Next, use either PowerShell or the Windows user interface to check that the script file includes a valid signature from AWS.

To check the script file for a valid cryptographic signature (PowerShell)

  • In a PowerShell window, run the following command:

    PS C:\Users\Administrator> Get-AuthenticodeSignature aws-sms-azure-setup.ps1 | Select *

    A correctly signed script file should return information similar to the following:

    SignerCertificate : [Subject] CN="Amazon Web Services, Inc." ... [Issuer] CN=DigiCert EV Code Signing CA (SHA2), OU=www.digicert.com, O=DigiCert Inc, C=US ... TimeStamperCertificate : Status : Valid StatusMessage : Signature verified. Path : C:\Users\Administrator\Desktop\aws-sms-azure-setup.ps1 ...

To check the script file for a valid cryptographic signature (Windows GUI)

  1. In Windows Explorer, open the context (right-click) menu on the script file and choose Properties, Digital Signatures, Amazon Web Services, and Details.

  2. Verify that the displayed information contains "This digital signature is OK" and that "Amazon Web Services, Inc." is the signer.

Step 3: Run the Script

Run this script from any computer with PowerShell 5.1 or later installed.

Note

If your PowerShell execution policy is set to verify signed scripts, you are prompted for an authorization when you run the connector configuration script. Verify that the script is published by "Amazon Web Services, Inc." and choose "R" to run one time. You can view this setting using Get-ExecutionPolicy and modify it using Set-ExecutionPolicy.

PS C:\Users\Administrator> .\aws-sms-azure-setup.ps1 -StorageAccountName name -ExistingVNetName name -SubscriptionId id -SubnetName name
StorageAccountName

The name of the storage account where you want to deploy the connector.

ExistingVNetName

The name of the virtual network where you want to deploy the connector.

SubscriptionId

(Optional) The ID of the subscription to use. If you do not specify this parameter, the default subscription for the account is used.

SubnetName

(Optional) The name of the subnet in the virtual network. If you do not specify this parameter, the subnet named "default" is used.

When the script prompts for an Azure login, use a login that has administrator permissions for the subscription under which you are deploying the connector.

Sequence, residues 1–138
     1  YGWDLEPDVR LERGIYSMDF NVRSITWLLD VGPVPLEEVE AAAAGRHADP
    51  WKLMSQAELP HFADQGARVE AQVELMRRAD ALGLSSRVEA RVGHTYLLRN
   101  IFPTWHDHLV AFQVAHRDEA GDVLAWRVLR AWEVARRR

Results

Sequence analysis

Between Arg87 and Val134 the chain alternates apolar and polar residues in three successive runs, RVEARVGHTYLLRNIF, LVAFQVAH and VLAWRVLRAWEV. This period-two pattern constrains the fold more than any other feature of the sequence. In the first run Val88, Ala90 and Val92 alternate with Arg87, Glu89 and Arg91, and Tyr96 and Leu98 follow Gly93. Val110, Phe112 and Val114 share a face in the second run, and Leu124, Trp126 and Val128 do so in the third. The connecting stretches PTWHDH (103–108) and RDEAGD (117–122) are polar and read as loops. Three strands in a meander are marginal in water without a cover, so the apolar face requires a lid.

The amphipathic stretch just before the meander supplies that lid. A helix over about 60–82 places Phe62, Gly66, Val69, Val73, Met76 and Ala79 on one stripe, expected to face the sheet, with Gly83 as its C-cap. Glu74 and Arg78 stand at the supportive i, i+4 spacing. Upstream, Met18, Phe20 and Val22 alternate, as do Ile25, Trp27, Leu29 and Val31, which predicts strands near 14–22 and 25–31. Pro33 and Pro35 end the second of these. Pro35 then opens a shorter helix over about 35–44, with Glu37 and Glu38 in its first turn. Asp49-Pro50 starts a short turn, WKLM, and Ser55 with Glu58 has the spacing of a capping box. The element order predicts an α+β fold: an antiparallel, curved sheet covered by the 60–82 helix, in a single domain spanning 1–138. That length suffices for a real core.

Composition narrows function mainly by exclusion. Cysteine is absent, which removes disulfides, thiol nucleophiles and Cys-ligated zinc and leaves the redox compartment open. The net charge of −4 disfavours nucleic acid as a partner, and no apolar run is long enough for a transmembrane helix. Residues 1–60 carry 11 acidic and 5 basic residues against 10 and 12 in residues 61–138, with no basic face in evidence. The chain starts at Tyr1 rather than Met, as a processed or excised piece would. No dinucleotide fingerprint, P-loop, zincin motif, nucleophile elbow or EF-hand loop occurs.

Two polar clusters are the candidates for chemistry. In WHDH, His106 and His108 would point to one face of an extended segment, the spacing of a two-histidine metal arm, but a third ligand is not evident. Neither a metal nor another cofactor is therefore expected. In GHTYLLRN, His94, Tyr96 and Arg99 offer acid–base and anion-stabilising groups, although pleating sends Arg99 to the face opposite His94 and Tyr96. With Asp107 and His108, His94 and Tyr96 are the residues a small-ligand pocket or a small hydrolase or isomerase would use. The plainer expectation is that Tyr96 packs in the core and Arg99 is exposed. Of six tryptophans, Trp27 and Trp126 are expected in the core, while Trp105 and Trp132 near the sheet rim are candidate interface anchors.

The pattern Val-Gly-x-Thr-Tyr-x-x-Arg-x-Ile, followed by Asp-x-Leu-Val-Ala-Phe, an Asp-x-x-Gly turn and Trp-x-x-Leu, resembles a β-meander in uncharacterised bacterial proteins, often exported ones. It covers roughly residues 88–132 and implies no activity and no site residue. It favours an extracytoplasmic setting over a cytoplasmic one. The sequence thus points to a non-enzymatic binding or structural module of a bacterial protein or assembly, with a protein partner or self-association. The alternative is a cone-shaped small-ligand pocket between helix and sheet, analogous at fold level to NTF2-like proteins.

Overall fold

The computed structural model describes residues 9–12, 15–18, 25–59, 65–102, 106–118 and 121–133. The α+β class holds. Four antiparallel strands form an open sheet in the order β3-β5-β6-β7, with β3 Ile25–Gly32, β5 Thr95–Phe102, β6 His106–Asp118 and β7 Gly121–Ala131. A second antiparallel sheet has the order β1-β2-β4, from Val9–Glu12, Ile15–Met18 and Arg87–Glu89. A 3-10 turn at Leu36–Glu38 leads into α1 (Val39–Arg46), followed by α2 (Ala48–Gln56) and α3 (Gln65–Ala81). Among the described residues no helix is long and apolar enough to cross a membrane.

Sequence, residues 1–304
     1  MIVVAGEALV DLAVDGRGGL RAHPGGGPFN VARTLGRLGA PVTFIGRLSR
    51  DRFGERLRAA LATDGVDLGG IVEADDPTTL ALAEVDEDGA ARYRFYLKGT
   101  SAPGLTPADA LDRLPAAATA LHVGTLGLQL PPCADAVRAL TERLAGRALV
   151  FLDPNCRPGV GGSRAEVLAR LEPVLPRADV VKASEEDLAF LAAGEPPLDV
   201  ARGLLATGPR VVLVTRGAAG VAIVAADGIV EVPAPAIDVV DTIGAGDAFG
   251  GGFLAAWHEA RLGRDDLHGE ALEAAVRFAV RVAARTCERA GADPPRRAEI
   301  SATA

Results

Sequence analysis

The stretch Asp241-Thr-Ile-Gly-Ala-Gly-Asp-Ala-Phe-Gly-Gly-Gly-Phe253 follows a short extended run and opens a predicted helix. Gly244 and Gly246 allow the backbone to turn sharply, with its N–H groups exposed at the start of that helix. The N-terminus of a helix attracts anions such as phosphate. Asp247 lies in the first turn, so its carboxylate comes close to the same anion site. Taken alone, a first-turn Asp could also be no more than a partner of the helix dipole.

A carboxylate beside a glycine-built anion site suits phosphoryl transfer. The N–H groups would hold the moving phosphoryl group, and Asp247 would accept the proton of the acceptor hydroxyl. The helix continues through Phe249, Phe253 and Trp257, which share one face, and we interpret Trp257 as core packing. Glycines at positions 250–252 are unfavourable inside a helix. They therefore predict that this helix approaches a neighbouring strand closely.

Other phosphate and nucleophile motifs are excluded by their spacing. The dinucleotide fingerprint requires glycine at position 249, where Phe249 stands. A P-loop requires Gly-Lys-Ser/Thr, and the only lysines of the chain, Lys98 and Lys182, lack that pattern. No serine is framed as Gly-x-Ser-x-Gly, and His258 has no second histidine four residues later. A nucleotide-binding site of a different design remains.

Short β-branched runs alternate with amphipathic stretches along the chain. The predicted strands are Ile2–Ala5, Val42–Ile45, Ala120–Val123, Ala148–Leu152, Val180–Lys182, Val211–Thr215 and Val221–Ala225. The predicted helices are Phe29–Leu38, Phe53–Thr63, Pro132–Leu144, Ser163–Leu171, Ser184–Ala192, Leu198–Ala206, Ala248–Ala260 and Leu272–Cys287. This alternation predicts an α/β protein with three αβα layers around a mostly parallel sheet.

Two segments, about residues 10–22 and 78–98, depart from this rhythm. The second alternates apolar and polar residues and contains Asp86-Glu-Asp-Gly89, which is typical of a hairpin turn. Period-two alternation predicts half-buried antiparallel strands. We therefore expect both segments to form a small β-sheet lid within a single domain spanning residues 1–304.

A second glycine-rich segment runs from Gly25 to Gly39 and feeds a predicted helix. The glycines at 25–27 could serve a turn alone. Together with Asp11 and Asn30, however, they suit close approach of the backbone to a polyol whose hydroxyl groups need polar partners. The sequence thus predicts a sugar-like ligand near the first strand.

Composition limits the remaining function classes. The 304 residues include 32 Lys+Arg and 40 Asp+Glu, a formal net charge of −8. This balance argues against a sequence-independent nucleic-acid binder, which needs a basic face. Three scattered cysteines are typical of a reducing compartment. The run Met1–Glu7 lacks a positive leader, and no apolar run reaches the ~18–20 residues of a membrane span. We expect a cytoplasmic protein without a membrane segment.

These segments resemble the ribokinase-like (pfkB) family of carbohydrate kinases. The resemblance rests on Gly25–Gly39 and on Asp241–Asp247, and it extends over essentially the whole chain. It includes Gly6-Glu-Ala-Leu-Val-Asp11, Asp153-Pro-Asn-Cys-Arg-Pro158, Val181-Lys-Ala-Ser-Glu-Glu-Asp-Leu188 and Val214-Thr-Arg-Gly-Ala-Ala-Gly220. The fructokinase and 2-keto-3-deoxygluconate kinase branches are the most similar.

When the script completes, the connector is deployed in your account. The script prints out the connector's private IP address and the Object ID of the System Assigned Identity of the connector VM. You need both of these to complete the next step.

Step 4: Configure the Connector

From another VM on the same virtual network where you deployed the connector, browse to the connector's web interface using the following URL, which includes the private IP address of the connector that you obtained in the previous step:

https://ip-address-of-connector

To configure the connector

  1. On the connector landing page, choose Get started now.

  2. Review the license agreement, select the check box, and choose Next.

  3. Create a password for the connector. The password must meet the displayed criteria. Choose Next.

  4. On the Network Info page, you can find instructions to perform network-related tasks, such as setting up AWS proxy for the connector. Choose Next.

  5. On the Log Uploads page, select Upload logs automatically and choose Next.

  6. On the Server Migration Service page, provide the following information:

    • For AWS Region, choose your Region from the list.

    • For AWS Credentials, enter the IAM credentials that you created in Permissions for IAM Users. Choose Next.

  7. On the Azure Account Verification page, verify that your Azure subscription ID and location are correct. This connector can migrate VMs under this subscription and location. Provide the object ID of the System Assigned Identity of the connector VM, which was provided as output from the deployment script.